PARIS (Reuters) - France’s health ministry on Thursday unveiled tough measures geared at stamping out smoking among young people, with a planned rollout of brandless cigarette packets and curbs on advertising for electronic cigarettes.
Health Minister Marisol Touraine said her anti-smoking plan, to be introduced in stages over two years, aimed to produce France’s first generation of non-smokers by the mid-2030s. Currently, about 30 percent of the population are smokers.
Among the boldest moves is the introduction of plain packaging for cigarettes, on which distinctive advertising is banned and the brand is written in small lettering under a graphic health warning.
As in Australia, which pioneered plain packaging in 2012 and has reported a rise in calls to hotlines for people who want to quit, all packets sold will be of the same size and same color.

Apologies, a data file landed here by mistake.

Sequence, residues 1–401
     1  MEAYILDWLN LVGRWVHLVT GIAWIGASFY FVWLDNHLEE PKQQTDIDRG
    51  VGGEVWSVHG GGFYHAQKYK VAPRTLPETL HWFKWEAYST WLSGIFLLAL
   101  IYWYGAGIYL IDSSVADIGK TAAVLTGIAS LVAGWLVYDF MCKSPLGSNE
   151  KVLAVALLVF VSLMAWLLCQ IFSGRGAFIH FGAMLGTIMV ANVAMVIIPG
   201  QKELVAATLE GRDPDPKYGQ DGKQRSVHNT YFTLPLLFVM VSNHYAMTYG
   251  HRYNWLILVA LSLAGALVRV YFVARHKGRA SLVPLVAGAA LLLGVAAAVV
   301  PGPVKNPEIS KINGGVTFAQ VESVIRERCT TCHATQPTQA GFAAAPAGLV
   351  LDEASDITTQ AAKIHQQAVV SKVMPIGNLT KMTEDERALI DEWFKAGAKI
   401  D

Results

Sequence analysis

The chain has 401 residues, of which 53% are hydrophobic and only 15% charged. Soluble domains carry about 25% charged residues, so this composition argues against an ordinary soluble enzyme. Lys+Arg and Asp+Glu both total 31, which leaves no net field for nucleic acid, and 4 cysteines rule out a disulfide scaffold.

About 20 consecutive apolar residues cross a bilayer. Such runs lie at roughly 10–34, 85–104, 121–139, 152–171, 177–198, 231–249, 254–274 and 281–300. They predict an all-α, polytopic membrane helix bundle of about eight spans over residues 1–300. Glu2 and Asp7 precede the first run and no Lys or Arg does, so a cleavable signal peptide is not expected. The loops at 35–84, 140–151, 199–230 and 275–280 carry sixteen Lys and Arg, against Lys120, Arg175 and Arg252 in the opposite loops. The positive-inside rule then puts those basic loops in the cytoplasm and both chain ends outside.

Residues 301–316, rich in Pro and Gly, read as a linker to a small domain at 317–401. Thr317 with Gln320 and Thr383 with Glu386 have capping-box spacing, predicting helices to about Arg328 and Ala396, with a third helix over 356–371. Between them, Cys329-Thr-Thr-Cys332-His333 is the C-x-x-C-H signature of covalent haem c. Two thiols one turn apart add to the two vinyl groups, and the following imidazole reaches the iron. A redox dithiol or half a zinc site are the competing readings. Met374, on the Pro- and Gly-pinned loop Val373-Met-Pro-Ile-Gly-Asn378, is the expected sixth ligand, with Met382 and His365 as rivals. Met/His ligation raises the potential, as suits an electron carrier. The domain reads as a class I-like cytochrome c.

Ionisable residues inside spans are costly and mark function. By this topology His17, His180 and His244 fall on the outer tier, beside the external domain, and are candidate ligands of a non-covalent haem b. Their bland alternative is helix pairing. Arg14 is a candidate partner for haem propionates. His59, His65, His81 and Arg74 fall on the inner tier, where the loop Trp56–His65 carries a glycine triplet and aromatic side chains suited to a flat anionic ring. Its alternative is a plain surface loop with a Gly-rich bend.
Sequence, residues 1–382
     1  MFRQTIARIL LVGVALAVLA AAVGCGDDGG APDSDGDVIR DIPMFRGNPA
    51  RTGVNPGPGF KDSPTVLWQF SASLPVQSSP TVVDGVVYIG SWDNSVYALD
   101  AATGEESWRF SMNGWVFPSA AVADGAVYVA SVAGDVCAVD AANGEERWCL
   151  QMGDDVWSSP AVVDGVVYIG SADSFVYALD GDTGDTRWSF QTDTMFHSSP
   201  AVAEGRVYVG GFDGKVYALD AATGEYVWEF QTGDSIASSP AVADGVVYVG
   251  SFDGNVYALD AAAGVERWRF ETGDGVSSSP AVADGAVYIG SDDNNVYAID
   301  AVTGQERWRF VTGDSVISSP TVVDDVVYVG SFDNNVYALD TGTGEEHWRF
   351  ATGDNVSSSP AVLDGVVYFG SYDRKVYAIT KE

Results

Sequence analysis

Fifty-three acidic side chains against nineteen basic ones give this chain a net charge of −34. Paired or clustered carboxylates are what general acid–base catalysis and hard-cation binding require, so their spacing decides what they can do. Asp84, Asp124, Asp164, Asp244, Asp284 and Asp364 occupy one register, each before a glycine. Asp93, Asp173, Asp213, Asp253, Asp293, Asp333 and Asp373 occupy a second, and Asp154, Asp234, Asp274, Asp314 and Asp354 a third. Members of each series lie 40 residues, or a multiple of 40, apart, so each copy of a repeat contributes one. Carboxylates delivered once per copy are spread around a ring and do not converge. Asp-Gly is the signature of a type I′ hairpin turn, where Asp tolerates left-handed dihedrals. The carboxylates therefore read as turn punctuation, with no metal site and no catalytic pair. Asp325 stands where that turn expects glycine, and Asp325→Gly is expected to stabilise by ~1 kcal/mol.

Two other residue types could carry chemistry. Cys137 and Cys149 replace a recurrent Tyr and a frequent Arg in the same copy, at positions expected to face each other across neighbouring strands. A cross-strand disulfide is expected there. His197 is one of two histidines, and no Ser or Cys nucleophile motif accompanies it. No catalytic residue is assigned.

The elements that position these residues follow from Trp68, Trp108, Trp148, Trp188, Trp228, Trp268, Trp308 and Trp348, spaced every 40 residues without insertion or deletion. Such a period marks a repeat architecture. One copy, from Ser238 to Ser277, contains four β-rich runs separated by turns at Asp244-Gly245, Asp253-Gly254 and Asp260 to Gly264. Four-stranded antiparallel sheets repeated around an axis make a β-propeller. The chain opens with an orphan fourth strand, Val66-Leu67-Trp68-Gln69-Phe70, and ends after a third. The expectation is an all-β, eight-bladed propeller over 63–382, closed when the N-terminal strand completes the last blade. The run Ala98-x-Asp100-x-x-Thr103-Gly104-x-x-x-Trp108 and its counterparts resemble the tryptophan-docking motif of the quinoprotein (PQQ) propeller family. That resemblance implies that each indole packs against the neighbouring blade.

The French government will also forbid smoking in cars with children under the age of 12, ban smoking in areas commonly frequented by children and stop advertising for electronic cigarettes by May, 2016.
“We have set an ambitious goal: to succeed in making children born today the first ‘non-smoking’ generation in 20 years,” Touraine said in a statement.
France has long been known as a paradise for smokers due to cafe culture, national brands like the “Gauloises” - no longer produced in France - and 1960s ‘Nouvelle Vague’ films in which characters lit constantly.
While smoking has declined sharply since the 1960s, in keeping with a trend across the West, the government said 73,000 people per year still died from tobacco-related causes - 20 times more than in road accidents.
Reporting By Nicholas Vinocur; editing by Mark John